The study presents limitations. Firstly, the research question was hypothetical. All participants were asked if they would take part in art therapy groups. The survey results show preferences when there were no consequences. Moreover, no coproduction took place with participants or experts by experience at any research stage. However, some of the authors produced another paper, also published in 2021, involving semi-structured interviews with participants who participate in group arts therapies. (Millard, Cardona, Fernandes et al. 2021). Here, we have live data about people’s choices and preferences in relation to different modes of group art therapy. Quotes from participants, such as: “I felt like I belonged, I felt a sense of belonging, that’s the first and the utmost thing”, prove the hypothesis about preferences for group arts therapies in the primary paper here reviewed.
Implications for practice
The findings should stimulate a wide provision of arts therapies (in several modalities) to be made available to patients and the general population. The evidence shows that people want to try these interventions, and they can create an effective psychotherapeutic intervention because they are governed by choice/preference. Furthermore, they should be offered not only to mental health patients but in a plurality of contexts, for anyone and everyone. Arts therapies could be made more widely available on the NHS, in social prescribing, for instance (“Arts on Prescription”, Bungay & Clift, 2010).
Clinicians are recommended to consider service users’ preferences in the allocation of art therapy groups. Before referring a service user to a particular type of art therapy, it is a good idea to ask them what they want to do. It should be a joint decision. This will make the intervention more effective.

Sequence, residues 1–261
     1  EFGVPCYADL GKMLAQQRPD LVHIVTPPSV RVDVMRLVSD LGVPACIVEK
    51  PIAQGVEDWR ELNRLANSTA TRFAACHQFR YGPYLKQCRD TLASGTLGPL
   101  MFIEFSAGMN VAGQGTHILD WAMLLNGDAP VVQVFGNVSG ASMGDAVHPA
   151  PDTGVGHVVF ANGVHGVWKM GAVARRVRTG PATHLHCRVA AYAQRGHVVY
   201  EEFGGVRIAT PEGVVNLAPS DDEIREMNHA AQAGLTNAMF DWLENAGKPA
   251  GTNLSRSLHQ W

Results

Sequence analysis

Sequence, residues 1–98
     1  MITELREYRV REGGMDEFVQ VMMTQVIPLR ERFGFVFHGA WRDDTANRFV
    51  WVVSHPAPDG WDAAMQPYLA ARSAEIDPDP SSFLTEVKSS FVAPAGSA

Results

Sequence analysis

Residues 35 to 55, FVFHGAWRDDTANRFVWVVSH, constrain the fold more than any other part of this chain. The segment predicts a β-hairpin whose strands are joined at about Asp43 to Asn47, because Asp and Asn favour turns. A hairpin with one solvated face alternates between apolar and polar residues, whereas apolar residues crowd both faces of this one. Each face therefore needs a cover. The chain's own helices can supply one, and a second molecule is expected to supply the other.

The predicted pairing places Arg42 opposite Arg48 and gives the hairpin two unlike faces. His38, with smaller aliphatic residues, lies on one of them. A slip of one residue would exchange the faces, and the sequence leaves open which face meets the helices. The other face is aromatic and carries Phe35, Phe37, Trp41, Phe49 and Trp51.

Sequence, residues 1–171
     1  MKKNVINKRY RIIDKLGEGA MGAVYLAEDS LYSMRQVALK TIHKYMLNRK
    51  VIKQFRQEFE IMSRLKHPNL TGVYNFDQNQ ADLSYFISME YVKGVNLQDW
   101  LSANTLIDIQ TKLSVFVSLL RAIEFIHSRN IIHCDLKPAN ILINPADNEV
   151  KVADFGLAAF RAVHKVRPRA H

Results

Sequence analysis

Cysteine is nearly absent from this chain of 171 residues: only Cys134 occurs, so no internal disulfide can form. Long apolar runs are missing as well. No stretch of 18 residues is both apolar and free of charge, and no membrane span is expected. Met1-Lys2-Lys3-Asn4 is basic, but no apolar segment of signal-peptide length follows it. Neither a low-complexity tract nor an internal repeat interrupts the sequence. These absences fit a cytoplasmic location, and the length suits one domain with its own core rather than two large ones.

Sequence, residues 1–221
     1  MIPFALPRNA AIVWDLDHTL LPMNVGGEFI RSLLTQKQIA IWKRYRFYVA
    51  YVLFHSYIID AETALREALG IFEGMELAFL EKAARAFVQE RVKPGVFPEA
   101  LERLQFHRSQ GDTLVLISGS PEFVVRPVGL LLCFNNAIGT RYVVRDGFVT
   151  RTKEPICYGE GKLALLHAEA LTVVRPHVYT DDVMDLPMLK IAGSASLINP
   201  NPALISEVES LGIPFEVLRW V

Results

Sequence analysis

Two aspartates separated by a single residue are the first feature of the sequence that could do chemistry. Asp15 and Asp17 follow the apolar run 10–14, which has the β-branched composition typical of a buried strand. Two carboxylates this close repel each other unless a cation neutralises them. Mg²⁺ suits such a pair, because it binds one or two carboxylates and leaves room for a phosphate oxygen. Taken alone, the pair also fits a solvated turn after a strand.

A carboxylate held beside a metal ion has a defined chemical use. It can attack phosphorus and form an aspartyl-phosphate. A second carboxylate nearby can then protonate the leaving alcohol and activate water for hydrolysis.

I have taken part in several different modalities of the arts therapies in groups, during admissions to different psychiatric hospitals and community settings. My preference has always been art therapy because I feel so comfortable with visual arts. I find drawing, painting, collage, or crafts very cathartic and expressive. These mediums have helped me engage with therapy and build my recovery. I would not immediately choose drama, music, or dance/movement therapies, because I don’t feel confident about my ability; I would be embarrassed or feel judged. However, when I have participated in these modalities, stepping outside my comfort zone, I have experienced – to my surprise – a very powerful, connective effect: sheer relief.
For this reason, although preference is important, often doing something you don’t usually do, and challenging yourself, can have a momentous, positive impact.
Statement of interests
No conflict of interests.
Millard E., Medlicott E., Cardona J., et al. 2021. ‘Preferences for group arts therapies: a cross-sectional survey of mental health patients and the general population’, BMJ Open 2021;11:e051173. doi: 10.1136/bmjopen-2021-051173. https://pubmed.ncbi.nlm.nih.gov/34373313/
Bone, J. 2021. ‘Music therapy for depression: I want more…reliable research’, National Elf Service. https://www.nationalelfservice.net/mental-health/depression/music-therapy-for-depression/.
Bungay, H. & Clift, S. 2010. ‘Arts on Prescription: A review of practice in the UK’, Perspectives in public health 130. https://journals.sagepub.com/doi/10.1177/1757913910384050
Crawford M., Killaspy H., Barnes T., Barrett B., Byford S., Clayton K. et al. 2012. ‘Group art therapy as an adjunctive treatment for people with schizophrenia: multicentre pragmatic randomised trial’, BMJ 2012; 344: e846 doi:10.1136/bmj.e846. https://www.bmj.com/content/344/bmj.e846.
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Millard E., Cardona J., Fernandes F. et al. 2021. ‘I know what I like, and I like what I know: Patient preferences and expectations when choosing an arts therapies group’, The Arts in Psychotherapy 2021; 75: 2021, 101829, doi: 10.1016/j.aip.2021.101829. https://www.sciencedirect.com/science/article/pii/S0197455621000745?via%3Dihub
Robb, M. 2022. Group Art Therapy: Practice and Research, Taylor & Francis: Routledge.
Samson, C. 2015. ‘Art therapy for common mental health disorders’, National Elf Service. https://www.nationalelfservice.net/treatment/psychotherapy/art-therapy-for-common-mental-health-disorders/.
Steele, D. 2016. ‘Music therapy for depression in older adults: How can I be sure of you?’, National Elf Service. https://www.nationalelfservice.net/mental-health/depression/music-therapy-depression-older-adults/.
Waller, D. 2003. “Group art therapy: An interactive approach.” Handbook of art therapy: 313-324.